Getting locked up behind brick-wall rooms does not have to be a waste of time
During Freshman year I found myself having an abundant amount of free time and not much to do in order to fill this time. I feel as if this is a problem many freshman tend to run into in their first year on their own. I lived with three of my best friends the first year of college and even though we all had very energetic personalities there would still be the occasional lull in our time together so I started noticing common patterns of other freshmen. They seemed to also be having trouble filling their schedules as well. Of the things I noticed, I was able to compile a list of common freshman habits. Here are my top five things freshmen love to do:
The refrigerator. It’s such a small place but it’s also a place that deserves a lot of attention when living with roommates. Here’s some helpful tips to ensure that you and your roommates keep a livable relationship. The fridge just so happens to be a key component in that formula.
Lay down some ground rules and establish refrigerator rules sooner than later. Putting off this conversation may lead to some serious frustration, fights and miscommunication. Good fridge etiquette can be simply and easy, because it’s just a basic conversation on how you and your roommates want to live in regards to the fridge. Here are a few items to think about when talking to your roommates:
I’m extremely pleased to announce that we have added Aaron Stewart as a new member to our team. Aaron has joined our Board of Advisors and steps on as head of Legal Counsel.
Aaron graduated cum laude from Princeton University and magna cum laude from Cornell Law School. After school, Stewart practiced law at one of the top nationwide law firms, Sullivan & Cromwell, working on matters spanning the globe, from Palo Alto, California to London, England.
Aaron’s extensive background in business law is a huge asset to Roomeo. On top of that, his unrivaled knowledge paired with his first hand experience with roommates while attending some of the most prestigious schools in the nation will bring a unique combination of skills and input to the team!
Find the official press release here.
If you are anything like me you try to avoid confrontation at all costs. Whether it be with coworkers, family members, or roommates I duck it like a dodge ball. In the story of Solomon and the baby I am the woman who says “Yo Sol, don’t cut the baby in half, let her have it, I’ll just pop out another one” (I’m pretty sure that’s the direct translation from the Old Testament). I just don’t care. If I have to take out the trash a couple extra times, wash some dirty dishes, or unclog someone else’s toilet I’ll do it just to keep the status quo.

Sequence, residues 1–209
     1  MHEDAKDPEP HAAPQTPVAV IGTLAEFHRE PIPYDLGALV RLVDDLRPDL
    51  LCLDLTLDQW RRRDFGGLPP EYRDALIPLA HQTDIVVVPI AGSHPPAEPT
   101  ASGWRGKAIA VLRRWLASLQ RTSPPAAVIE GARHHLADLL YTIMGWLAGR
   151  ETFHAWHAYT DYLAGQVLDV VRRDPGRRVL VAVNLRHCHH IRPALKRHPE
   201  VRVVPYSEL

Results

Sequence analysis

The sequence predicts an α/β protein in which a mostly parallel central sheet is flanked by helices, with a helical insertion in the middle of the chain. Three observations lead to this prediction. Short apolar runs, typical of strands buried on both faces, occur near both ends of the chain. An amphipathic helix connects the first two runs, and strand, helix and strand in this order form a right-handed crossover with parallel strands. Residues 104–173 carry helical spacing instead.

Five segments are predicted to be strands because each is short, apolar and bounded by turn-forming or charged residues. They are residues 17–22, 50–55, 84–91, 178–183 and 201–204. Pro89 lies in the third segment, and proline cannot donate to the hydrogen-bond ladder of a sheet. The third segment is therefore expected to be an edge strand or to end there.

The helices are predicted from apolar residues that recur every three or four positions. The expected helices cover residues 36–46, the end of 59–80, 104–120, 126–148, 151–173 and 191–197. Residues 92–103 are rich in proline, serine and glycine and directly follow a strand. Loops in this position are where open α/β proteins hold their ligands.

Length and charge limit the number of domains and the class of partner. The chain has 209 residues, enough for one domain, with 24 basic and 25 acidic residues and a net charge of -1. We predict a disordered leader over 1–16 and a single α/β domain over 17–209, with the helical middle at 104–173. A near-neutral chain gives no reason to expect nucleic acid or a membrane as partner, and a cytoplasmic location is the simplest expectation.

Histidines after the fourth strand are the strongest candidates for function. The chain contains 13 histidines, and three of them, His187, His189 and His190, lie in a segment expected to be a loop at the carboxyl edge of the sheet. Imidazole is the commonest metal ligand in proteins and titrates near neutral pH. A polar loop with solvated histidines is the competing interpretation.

However, I am dirt poor, so when it comes to bill pay, there’s only so far I can be stretched. Why is it that with some roomies you’re hard-pressed to find them anywhere but the couch or kitchen for 25 days out of the month but when the 1st rolls around tracking them down is like a “Where’s Waldo” from Hell.
You know they know, and you know they have the money (How else are they buying top shelf alcohol? My idea of top shelf is anything that doesn’t come in a plastic bottle or have a howling wolf on the label), but filling out a triple-digit check is like dental work for some.
So how do you acquire the money from a roommate without feeling like a total nuisance? How do you keep your credit without losing your dignity? Here are some of my Do’s and Don’ts for shaking the change out of their piggy bank without shaking the friendship:
My house rocks! Finally roommate living that is drama free and I couldn’t be happier. I began living in my current house just three months ago and my three roommates and I have already created a strong bond. We remain drama free with each other but there is one form of drama we all just can not get enough of!
We are lost in Lost. Yeah, the TV show Lost. The four of us are all so different, but somehow it just works. Lost if you haven’t seen it is a drama series that follows the lives of various individuals and groups of people, most importantly the survivors of the crash of a commercial passenger jet flying between Sydney and Los Angeles, on a mysterious tropical island somewhere in the South Pacific Ocean that aired on ABC.